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If you haven’t ever thought about it (and until recently, I hadn’t) the word “intern” has an interesting etymology. From the French interner or “to confine within set limits,” the word has use as both a noun and transitive verb. However, the definition can very greatly depending on its grammatical use.
Intern (in-turn) - vb
1. ( tr ) to detain or confine (foreign or enemy citizens, ships, etc), especially during wartime - noun
2. chiefly ( US ) a student or recent graduate receiving practical training in a working environment
(Source: Collins World English Dictionary)
But in common parlance, especially among twenty-somethings an internships is often known as “the modern equivalent of slavery, except nowadays, people are actually willing.”
So where do we fall? Confinement, like on an enemy ship? Or practical training?
It’s easy to argue that internships at Hidden Villa provide practical training experience. Our interns find themselves with daily opportunities for increased responsibility, hands-on learning in the fields of agriculture or education (pun intended), and encouragement to use their day-to-day to build a strong base of skills, talents, and abilities. But it’s not uncommon as an intern in such a diverse workplace to discover passions and interests that aren’t a part of your department. What then? Commit to being confined by your job description? Admit you willingly agreed to only learn one thing?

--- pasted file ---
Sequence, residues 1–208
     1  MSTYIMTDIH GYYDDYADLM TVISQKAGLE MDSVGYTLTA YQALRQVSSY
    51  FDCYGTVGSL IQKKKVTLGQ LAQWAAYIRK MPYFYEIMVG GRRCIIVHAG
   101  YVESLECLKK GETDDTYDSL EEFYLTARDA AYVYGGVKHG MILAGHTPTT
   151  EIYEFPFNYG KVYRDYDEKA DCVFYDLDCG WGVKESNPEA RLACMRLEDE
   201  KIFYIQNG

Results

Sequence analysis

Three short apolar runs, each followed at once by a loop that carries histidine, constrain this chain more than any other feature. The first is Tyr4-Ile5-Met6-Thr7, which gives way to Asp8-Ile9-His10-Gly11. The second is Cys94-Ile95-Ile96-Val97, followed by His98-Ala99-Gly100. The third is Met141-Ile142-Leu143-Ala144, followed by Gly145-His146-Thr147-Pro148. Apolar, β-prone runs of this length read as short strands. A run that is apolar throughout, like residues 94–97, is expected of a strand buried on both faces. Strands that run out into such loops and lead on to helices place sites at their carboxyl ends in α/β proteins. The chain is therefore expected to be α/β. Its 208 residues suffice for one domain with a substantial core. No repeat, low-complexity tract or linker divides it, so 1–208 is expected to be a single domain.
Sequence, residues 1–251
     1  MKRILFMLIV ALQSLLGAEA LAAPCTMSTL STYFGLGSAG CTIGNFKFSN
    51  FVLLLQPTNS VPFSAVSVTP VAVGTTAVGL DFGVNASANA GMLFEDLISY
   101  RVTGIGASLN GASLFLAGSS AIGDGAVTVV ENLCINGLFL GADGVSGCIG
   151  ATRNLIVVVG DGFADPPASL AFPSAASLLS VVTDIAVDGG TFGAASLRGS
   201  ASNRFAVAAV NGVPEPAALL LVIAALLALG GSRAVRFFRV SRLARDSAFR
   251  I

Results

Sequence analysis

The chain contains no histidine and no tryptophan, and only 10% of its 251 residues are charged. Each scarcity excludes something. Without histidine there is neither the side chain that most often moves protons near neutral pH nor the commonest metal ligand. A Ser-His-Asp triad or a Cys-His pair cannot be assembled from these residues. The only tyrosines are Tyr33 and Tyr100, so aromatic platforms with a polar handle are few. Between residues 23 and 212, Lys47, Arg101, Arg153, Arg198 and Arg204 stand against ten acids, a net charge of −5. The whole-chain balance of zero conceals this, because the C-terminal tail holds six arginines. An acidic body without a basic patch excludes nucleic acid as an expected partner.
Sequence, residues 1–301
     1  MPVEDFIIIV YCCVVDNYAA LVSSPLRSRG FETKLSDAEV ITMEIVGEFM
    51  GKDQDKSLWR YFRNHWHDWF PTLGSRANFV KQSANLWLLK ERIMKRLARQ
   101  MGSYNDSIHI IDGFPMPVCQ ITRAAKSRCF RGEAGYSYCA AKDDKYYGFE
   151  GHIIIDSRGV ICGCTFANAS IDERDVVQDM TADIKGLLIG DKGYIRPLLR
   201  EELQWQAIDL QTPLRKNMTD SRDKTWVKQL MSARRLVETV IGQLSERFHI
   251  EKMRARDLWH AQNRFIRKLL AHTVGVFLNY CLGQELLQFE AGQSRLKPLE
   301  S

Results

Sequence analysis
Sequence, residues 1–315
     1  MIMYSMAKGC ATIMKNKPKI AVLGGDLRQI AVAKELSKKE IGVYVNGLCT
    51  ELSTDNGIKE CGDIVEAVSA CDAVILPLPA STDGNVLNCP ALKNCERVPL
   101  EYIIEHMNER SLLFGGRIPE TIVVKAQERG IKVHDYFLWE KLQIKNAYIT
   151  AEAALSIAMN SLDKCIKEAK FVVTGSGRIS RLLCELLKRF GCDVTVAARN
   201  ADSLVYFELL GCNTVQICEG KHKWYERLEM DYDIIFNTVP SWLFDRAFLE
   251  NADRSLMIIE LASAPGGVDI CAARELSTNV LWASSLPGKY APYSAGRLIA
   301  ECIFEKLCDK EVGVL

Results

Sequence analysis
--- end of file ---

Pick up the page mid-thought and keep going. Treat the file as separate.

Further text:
No way. Our solution: Externships. Though they’ve had one name or another for many years, the current embodiment of individual projects, known as “externships,” are opportunities for interns to break from that detainment and choose their practical training beyond the position for which they applied. As an organization, we define externships as individualized projects aimed at increasing an intern’s set of marketable skills and/or contributing to their future career goals. Beyond that explanation, interns are given a good deal of free reign to identify, create, and pursue externships. Working with managers and other staff, they are asked to coordinate available time in their schedules and submit externship proposals that list not only their future career goals, but time lines for completion, expected time and material commitments for projects, and immediate benefits to themselves and the organization (a process that in and of itself is skill-building!).
But enough with the professional jargon; what have interns done for externships so far? In addition to the creation of that previous link - a Facebook group for former and current interns to stay connected and share experiences - interns have: pursued training in astronomy education, built native pollinator gardens, mentored middle school youth one-on-one, created original curriculum in support of graduate degrees, written focus programs for HV summer camp, grown native plants from collected seed for sale to local schools, built chicken tractors from all recycled materials, helped high school youth mentor younger children in educational gardens, learned grantwriting skills, built movable animal shelters….the list goes on.
The point I’m trying to make is that in becoming an intern at Hidden Villa, young people aren't just entering into indentured servitude, however willingly. Quite the opposite. They are putting themselves in a place to not only deeply examine what they are passionate about, but to take that discovery and turn it in to a tangible result. Stay tuned for future posts where interns may write in person about current externships.